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Sens. Ron Wyden (D-Ore.) and Rand Paul (R-Ky.) introduced the Stopping Mass Hacking Act to prevent the controversial expansion of the scope of Rule 41 of the Federal Rules of Criminal Procedure.
The Rule 41 changes, which were requested by the Department of Justice last year and approved by the Supreme Court in April, make it easier for investigators to obtain warrants for remote electronic searches of devices involved in investigations.
If the changes go into effect, federal magistrate judges will gain the authority to issue warrants for remote searches of computers located anywhere in the world, including situations where law enforcement doesn't know the location of the devices. The magistrates would also be allowed to authorize the search of any number of computers with a single warrant. Since Rule 41's expansion would allow law enforcement agents to gain unauthorized access and control over users' systems, critics of the rule argue it is tantamount to legalizing government hacks, with no oversight or control.
"This is a dramatic expansion of the government's hacking and surveillance authority. Such a substantive change with an enormous impact on Americans' constitutional rights should be debated by Congress, not maneuvered through an obscure bureaucratic process," Wyden said. "Unless Congress acts before Dec. 1, Americans' security and privacy will be thrown out the window and hacking victims will find themselves hacked again -- this time, by their own government."
The Electronic Frontier Foundation has been critical of the changes to Rule 41, noting that while the rules are intended to define procedures, the changes create "new avenues for government hacking that were never approved by Congress."
The changes to Rule 41 will go into effect on Dec. 1, 2016, unless Congress acts to stop them. Other co-sponsors of the bill include Sens. Tammy Baldwin (D-Wis.), Steve Daines (R-Mont.) and Jon Tester (D-Mont.).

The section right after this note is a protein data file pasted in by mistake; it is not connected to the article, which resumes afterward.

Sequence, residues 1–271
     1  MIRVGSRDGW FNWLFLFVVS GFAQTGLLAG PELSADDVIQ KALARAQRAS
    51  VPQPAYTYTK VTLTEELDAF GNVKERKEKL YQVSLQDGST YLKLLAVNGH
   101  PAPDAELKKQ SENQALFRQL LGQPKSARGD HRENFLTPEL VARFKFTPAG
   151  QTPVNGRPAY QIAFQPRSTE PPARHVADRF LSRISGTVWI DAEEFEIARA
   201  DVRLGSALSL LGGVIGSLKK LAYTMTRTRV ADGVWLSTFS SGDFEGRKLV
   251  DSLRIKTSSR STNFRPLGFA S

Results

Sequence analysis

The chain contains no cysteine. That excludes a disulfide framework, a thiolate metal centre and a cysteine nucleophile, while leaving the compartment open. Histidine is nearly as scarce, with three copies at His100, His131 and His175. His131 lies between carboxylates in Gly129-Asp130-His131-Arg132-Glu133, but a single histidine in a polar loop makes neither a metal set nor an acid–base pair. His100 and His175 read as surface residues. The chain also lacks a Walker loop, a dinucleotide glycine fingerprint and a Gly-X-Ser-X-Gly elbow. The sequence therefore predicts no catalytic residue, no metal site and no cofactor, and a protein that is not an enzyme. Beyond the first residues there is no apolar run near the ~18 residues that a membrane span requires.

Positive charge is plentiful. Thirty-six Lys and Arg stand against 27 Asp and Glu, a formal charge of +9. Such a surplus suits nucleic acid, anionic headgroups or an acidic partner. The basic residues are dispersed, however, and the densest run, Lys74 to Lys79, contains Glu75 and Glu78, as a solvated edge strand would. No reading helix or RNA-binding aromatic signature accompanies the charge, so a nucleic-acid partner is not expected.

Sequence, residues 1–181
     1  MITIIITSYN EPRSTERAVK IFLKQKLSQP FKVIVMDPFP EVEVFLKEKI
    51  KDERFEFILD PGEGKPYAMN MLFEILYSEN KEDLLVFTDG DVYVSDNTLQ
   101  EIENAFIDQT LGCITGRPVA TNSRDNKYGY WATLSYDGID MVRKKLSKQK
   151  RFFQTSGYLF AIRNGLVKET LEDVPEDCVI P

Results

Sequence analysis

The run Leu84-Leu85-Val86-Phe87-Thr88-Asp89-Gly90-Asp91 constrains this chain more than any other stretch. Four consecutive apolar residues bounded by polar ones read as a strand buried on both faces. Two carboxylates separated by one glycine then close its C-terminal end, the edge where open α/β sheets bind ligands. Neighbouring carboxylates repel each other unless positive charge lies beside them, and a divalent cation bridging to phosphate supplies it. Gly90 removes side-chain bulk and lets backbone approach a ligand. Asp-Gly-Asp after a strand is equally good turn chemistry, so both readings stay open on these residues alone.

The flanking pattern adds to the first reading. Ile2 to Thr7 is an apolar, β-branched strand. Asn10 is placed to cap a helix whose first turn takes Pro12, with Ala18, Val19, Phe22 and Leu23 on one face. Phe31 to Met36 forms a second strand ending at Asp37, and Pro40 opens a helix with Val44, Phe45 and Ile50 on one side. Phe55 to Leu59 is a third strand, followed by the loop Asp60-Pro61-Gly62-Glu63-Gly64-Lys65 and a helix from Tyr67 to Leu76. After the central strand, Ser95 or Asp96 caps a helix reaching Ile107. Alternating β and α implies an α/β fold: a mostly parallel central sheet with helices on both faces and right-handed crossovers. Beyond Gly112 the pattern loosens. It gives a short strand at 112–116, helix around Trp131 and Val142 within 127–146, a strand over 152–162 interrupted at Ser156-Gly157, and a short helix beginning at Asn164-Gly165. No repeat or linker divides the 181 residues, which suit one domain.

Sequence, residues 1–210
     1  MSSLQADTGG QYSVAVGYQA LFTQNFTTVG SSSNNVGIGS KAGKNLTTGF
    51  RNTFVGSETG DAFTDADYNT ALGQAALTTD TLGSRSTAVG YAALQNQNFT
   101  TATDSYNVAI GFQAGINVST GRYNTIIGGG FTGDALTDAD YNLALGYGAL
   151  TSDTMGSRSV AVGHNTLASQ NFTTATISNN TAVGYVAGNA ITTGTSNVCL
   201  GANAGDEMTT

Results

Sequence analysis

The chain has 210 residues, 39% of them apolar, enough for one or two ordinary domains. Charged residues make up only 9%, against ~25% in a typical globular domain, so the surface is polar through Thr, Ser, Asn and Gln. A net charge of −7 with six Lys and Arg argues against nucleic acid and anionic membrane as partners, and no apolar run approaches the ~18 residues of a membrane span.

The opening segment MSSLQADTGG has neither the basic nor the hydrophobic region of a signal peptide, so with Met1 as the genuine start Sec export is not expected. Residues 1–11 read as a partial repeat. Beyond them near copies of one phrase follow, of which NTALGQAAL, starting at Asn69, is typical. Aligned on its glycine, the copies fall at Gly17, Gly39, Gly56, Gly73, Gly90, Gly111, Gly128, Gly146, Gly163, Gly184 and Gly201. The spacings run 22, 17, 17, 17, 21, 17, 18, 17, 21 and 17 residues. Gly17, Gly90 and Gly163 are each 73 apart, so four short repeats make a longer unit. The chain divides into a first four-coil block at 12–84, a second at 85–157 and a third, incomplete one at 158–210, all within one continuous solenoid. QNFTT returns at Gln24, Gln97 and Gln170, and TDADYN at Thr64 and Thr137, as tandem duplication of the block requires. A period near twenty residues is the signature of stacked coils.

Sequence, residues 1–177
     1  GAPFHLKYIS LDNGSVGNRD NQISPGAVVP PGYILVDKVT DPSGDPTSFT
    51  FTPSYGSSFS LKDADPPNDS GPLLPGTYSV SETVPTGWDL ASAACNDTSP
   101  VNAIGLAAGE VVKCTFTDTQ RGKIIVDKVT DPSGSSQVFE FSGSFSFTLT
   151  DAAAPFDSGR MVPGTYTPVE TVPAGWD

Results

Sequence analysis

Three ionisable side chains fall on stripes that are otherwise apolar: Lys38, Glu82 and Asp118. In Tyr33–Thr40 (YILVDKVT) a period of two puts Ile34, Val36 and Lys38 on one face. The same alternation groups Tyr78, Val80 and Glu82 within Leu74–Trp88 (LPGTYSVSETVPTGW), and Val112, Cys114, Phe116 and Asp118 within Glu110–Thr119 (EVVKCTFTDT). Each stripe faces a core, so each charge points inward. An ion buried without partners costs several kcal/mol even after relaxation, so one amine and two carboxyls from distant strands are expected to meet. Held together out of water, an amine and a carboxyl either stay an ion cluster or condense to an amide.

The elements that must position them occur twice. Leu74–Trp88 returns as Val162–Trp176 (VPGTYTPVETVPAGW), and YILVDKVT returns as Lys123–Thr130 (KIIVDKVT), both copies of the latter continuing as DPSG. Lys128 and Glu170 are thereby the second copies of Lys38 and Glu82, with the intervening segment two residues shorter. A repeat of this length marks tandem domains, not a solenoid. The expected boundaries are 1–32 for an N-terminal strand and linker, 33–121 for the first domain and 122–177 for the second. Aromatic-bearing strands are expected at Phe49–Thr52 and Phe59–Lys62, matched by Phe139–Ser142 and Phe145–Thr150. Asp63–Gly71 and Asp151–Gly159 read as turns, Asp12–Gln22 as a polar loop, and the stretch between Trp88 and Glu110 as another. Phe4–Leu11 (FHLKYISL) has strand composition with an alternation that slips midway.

House passes cybersecurity bill
Meanwhile, H.R. 4743, also known as the National Cybersecurity Preparedness Consortium Act, passed in Congress by a vote of 394-3. The legislation, introduced by Rep. Joaquin Castro (D-Tex.), "allows nonprofit entities, including universities, to work more closely with the Department of Homeland Security to address cybersecurity risks and incidents at the state and local level."
"Increased collaboration will strengthen our defenses and keep us one step ahead of cyberattackers. I'm hopeful the Senate will follow the House's lead, pass this bill and protect the American people from a growing threat to their safety," Castro said.
In other news:
- A hacker is offering 117 million hacked LinkedIn account credentials, including account names and plaintext passwords, taken from LinkedIn's 2012 breach, according to Motherboard. Although LinkedIn had not previously stated how many accounts were compromised in 2012, they did admit they "became aware of an additional set of data that had just been released that claims to be email and hashed password combinations of more than 100 million LinkedIn members from that same theft in 2012." LinkedIn wrote they "are taking immediate steps to invalidate the passwords of the accounts impacted, and we will contact those members to reset their passwords. We have no indication that this is as a result of a new security breach." The breached database included 167 million encrypted accounts, and the 117 million accounts were being offered for five bitcoins -- approximately $2,200 -- on the dark Web marketplace, The Real Deal. The hackers were able to crack the encrypted account information because LinkedIn had not used a hashing salt.